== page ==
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All the machines in question seem to have AcceptEnv = LANG LC_* which means I might have to use a hack like using LC_BAR instead of BAR. LocalCommand seems to be configured locally and I was able to execute an echo, but I don't know how to export an environment variable (or two) from there. export x=y didn't work. –  aib Feb 28 '11 at 12:12
    
BTW LocalCommand worked exactly like how you thought RemoteCommand would. –  aib Feb 28 '11 at 12:13
    
@aib, So this means LocalCommand is executed before the shell starts, or as a sub-shell. Bugger. Not sure how to get beyond this. You could probably get LocalCommand to create a file with your script then, can you? –  asoundmove Feb 28 '11 at 12:32
    
I see. I was hoping I was doing something wrong, such as not giving the --really-really parameter to export. I guess it has to be a file, then? I'll have to leave a mark on every server I connect to? –  aib Mar 1 '11 at 9:33
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Here's a variation on Dennis Williamson's solution that doesn't require that you be able to ssh from the remote machine back to your local machine. On the local system:

$ bar -D | ssh user@host 'cat > barfunc'
$ ssh user@host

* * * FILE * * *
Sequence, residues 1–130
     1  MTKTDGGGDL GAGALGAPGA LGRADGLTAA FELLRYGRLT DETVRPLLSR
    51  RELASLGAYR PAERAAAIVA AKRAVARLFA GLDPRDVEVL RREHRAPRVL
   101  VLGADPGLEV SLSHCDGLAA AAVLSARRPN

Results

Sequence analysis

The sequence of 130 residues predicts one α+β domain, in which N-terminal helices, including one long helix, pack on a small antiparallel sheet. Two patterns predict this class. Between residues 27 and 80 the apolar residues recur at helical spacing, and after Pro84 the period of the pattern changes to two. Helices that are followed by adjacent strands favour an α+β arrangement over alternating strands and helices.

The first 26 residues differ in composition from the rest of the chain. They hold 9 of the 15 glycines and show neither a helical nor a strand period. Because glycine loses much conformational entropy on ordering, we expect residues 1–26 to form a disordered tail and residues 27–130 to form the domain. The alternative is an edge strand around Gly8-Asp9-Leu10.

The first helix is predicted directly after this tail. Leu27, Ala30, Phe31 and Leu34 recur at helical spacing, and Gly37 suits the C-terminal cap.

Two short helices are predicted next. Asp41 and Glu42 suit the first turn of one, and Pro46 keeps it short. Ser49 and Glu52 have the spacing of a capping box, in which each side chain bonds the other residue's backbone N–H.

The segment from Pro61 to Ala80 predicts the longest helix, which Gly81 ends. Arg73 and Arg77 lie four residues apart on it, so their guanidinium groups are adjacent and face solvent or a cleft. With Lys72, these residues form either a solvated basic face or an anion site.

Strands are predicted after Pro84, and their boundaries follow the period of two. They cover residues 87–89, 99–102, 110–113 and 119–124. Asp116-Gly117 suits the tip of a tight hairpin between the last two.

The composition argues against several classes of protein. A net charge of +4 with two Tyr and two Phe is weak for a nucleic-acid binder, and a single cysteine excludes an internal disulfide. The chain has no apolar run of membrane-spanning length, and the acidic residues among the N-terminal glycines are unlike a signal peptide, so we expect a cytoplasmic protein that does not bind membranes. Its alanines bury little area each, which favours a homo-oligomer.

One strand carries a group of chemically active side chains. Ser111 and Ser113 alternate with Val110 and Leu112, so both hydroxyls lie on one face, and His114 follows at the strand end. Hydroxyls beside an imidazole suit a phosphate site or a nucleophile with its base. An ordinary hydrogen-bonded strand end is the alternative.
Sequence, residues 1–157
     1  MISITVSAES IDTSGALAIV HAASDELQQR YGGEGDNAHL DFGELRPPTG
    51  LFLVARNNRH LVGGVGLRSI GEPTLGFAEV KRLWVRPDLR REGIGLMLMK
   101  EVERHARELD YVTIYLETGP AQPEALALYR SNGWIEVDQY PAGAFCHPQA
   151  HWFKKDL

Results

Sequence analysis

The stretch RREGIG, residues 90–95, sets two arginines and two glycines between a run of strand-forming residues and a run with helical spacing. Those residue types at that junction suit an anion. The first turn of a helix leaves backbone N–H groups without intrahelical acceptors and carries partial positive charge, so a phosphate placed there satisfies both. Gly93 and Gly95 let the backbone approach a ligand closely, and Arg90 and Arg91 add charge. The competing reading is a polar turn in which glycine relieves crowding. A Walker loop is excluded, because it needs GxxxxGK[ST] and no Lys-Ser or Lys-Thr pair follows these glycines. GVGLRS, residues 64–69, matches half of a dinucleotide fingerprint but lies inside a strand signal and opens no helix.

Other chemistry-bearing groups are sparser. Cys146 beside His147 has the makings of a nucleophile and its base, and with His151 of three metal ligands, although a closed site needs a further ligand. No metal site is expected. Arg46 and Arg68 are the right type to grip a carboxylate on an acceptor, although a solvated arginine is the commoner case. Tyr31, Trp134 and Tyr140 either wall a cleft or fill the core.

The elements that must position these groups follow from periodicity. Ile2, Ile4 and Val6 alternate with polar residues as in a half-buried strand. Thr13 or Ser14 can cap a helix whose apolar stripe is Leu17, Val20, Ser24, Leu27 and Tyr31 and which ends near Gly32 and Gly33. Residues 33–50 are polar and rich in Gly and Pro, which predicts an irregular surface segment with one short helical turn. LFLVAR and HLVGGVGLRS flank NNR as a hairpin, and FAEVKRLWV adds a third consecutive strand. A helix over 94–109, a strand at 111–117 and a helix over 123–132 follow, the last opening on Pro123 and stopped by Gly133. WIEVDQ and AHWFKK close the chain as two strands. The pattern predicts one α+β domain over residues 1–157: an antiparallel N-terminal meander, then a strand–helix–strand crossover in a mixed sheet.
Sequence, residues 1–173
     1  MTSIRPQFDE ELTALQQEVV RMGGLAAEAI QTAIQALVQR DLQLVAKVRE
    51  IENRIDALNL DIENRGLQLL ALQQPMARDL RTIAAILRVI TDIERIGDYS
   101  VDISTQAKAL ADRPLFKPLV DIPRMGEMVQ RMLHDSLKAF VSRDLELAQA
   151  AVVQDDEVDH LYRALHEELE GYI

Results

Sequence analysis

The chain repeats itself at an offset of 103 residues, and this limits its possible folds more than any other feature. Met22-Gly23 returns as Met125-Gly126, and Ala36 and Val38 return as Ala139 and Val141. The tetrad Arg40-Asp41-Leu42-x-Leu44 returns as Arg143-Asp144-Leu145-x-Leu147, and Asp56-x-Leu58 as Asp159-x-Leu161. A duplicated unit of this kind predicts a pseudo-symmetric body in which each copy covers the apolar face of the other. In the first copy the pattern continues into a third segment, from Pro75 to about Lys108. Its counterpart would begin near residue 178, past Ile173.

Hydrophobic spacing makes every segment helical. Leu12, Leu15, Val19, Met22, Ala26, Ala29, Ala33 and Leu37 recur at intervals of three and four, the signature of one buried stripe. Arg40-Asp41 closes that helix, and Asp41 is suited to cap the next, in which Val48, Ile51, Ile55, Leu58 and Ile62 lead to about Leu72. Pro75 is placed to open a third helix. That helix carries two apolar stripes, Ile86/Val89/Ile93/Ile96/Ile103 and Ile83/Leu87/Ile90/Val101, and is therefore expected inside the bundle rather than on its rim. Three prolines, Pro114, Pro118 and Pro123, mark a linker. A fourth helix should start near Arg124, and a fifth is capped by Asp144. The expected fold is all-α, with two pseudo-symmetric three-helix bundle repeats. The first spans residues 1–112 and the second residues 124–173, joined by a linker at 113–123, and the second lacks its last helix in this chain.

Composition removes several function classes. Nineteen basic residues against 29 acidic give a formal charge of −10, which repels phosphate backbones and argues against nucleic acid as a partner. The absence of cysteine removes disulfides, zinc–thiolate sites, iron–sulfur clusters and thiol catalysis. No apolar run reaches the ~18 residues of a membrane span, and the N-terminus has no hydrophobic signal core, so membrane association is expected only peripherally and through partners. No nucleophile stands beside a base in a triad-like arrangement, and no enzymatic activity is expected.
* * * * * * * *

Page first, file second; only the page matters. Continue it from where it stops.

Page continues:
On the remote system:

$ . ./barfunc

I tested the components of that but not using bar, which I don't have.

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This is probably what I'll end up doing. –  aib Feb 28 '11 at 11:57
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This may give you a start:

On your local system:

$ bar -D > ~/barfunc
$ ssh user@host     # or similar

On the remote system:

$ func=$(scp yourname@yoursystem:~/barfunc /dev/stdout)
$ eval "$func"
$ bar_cat somefile ...
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In your question, you said using wget was unacceptable. Are you against wget or against copying the file? I don't think you're going to be able to get the functionality you want unless you somehow copy the file to the local machine.

Maybe you can to source the file (but i'm fairly certain this would fail). The command would like this the following, depending on shell:

source mymachine:/home/user/bar
. mymachine:/home/user/bar

if you're against wget specifically, you can try scp, with setting up ssh keys it would mean a passwordless experience.

mkdir ~/bin; scp -r myserver:/home/user/bin/* ~/bin; chmod u+x ~/bin

Personally, what worked for me was to put my shell scripts into a subversion repository and then check out the repo on every machine. if i updated the script, i can check it back in svn, and then update it on other machines.

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+1 for source control, which I suggested to our sysadmin. Unfortunately, I'm not a sysadmin and the machines may not always have access to our office network where the repository would be stored. It might be a good idea to put my favorite shell scripts on the net somewhere, though, updated via git and downloadable through HTTP. –  aib Feb 28 '11 at 11:57